Everything You Need to Know About Airbags

An airbag is an air filled bag that automatically deploys upon the impact of your car with another object. This is considered a passive safety mechanism. Airbags serve to protect passengers from impacting with inner parts of the car that could lead to serious injury. Not only do they keep your head from slamming into the steering wheel, but side airbags protect your head from hitting the windows as well. They drastically reduce your chances of serious trauma to your head and brain during an accident.

In 1952, an industrial engineer by the name of John Wenrick was the first person to start developing the technology for safety devices like the airbag. He came up with a safety cushion for vehicles that he believed could greatly reduce injuries in an accident. Shortly after, Ford Motors began pursuing safety mechanisms that utilized Wenrick’s inflatable technology. A decade later, Mercedes began prototyping airbags to be used in their vehicles.

As accident rates rose, legislation was presented to require automotive manufacturers to equip their cars with an automatic protection mechanism for passengers. Engineer Allen Breed ended up designing a crash sensor to deploy airbags before the legislation passed.

It wasn’t until the late 1980’s the the US government finally passed a law dictating that any cars manufactured after that date would be required to come equipped with an airbag system. However, this law was limited to just general vehicles, and not until 1995 did the law change to require light trucks to offer the same safety features.

Out of the 230 million vehicles on the road, slightly less than 75% contain an automatic airbag system, which would bring the number of vehicles with proper safety restraints down to 163 million cars. Only about 20 million, or less than 10% of vehicles have integrated a passenger seat air bag system as well. The National Highway Traffic Safety commission estimates that airbags are responsible for saving almost 20 thousand lives so far. The use of a seat-belt along with the presence of airbags has reduced fatalities in head-on collisions by almost 25%. In the category of people who don’t use seat belts, having an airbag in an accident decreased fatalities by 32%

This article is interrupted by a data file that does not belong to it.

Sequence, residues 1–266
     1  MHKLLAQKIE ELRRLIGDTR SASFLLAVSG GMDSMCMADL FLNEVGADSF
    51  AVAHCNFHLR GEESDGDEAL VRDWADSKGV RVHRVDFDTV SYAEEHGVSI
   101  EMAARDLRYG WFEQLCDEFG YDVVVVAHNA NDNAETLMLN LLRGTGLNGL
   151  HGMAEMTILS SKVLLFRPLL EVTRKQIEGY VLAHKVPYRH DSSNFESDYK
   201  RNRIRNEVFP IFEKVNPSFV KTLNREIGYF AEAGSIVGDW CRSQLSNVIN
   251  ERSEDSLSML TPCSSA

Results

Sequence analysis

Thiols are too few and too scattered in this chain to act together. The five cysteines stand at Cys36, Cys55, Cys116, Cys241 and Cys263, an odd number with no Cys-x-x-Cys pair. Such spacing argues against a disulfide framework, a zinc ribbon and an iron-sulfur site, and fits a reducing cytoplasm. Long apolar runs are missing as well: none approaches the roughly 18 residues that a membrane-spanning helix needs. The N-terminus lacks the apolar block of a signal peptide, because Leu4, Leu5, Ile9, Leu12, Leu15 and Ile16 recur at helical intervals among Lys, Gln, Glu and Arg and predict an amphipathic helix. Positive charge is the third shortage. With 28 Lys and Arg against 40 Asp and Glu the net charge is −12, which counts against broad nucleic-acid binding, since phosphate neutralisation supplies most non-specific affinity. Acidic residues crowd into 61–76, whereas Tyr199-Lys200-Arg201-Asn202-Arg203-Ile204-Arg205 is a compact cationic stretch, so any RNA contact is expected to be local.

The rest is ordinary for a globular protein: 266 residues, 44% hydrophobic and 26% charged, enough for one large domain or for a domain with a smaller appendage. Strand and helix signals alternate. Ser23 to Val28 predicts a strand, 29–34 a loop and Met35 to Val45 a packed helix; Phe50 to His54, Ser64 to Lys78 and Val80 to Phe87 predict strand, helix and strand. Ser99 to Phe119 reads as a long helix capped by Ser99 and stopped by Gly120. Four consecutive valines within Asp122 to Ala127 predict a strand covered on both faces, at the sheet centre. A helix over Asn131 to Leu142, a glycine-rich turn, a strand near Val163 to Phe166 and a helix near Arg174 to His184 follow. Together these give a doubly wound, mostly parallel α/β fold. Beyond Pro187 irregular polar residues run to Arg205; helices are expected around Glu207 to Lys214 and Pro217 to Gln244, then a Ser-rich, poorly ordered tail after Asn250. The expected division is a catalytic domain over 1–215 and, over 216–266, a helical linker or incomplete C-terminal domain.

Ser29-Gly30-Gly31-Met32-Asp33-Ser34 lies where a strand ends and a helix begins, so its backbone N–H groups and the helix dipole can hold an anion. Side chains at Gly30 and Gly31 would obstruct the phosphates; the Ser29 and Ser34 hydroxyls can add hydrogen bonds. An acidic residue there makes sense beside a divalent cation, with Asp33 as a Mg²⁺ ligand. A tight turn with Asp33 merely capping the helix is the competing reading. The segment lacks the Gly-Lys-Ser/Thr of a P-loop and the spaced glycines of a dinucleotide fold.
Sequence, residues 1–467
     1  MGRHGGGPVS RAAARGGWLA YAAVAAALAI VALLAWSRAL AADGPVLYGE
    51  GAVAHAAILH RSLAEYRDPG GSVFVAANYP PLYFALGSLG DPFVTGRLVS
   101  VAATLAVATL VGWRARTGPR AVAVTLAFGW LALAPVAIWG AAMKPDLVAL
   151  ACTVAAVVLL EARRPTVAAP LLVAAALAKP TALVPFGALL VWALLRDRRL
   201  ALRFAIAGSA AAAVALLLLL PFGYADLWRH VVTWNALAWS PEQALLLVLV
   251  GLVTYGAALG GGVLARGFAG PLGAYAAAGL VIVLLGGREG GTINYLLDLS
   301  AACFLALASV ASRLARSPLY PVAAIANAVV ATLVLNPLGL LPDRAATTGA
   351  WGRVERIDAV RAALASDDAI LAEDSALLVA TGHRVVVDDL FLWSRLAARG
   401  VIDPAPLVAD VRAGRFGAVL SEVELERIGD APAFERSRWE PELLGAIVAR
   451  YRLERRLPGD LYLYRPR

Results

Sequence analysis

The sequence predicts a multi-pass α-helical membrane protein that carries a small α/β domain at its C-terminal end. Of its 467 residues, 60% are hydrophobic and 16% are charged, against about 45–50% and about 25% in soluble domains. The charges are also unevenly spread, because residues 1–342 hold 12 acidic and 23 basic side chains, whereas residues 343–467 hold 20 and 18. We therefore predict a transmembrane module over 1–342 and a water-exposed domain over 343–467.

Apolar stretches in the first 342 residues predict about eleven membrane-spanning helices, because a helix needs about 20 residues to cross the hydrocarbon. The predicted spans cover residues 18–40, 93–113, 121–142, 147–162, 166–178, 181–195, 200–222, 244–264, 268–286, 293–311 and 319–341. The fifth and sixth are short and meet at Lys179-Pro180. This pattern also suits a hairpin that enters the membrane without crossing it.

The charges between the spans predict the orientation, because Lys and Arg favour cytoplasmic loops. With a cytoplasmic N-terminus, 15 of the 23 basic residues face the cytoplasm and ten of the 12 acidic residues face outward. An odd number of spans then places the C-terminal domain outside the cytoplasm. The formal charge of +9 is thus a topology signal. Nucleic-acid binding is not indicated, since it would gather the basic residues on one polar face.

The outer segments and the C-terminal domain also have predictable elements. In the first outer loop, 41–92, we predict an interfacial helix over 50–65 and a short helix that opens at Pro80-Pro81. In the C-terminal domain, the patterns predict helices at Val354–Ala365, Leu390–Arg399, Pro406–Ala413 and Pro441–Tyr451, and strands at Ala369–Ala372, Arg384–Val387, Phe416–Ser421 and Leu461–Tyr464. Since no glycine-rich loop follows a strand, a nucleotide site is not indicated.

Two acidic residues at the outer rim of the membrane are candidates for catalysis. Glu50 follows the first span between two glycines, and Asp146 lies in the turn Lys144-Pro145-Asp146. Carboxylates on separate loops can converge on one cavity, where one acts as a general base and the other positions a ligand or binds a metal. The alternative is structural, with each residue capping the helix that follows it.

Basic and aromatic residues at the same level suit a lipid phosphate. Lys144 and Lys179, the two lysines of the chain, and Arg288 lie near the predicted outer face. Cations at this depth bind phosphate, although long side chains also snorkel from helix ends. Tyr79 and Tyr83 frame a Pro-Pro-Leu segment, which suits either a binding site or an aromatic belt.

A second generation of airbags was later released and the biggest difference was that it used less force than the first generation. Cars with the newer version of airbags saw another 6% decrease in fatality rates during accidents. These statistics only apply to adult-sized passengers, however. With children under 10 years old, death rates actually increased by 34% with the presence of an airbag.

In the event of a traumatic head injury, seat belts on their own caused an injury decrease of 60% while seat belts paired with an airbag resulted in an 84% decrease. There have been about 200-300 deaths resulting from the use of airbags over the last 20 years. However, these were mostly caused by the more forceful first generation of airbags.

The demographic at highest risk for air bag injury is children under 10 years old. However, there have been reports of death and injury in adults as well. During an impact, air bags release with a great amount of force which can be more dangerous than having no airbags at all. You should avoid having your seat positioned too closely to the dashboard where the airbags are located, especially for children. It is much better to seat your children in the back of the car.

By lexutor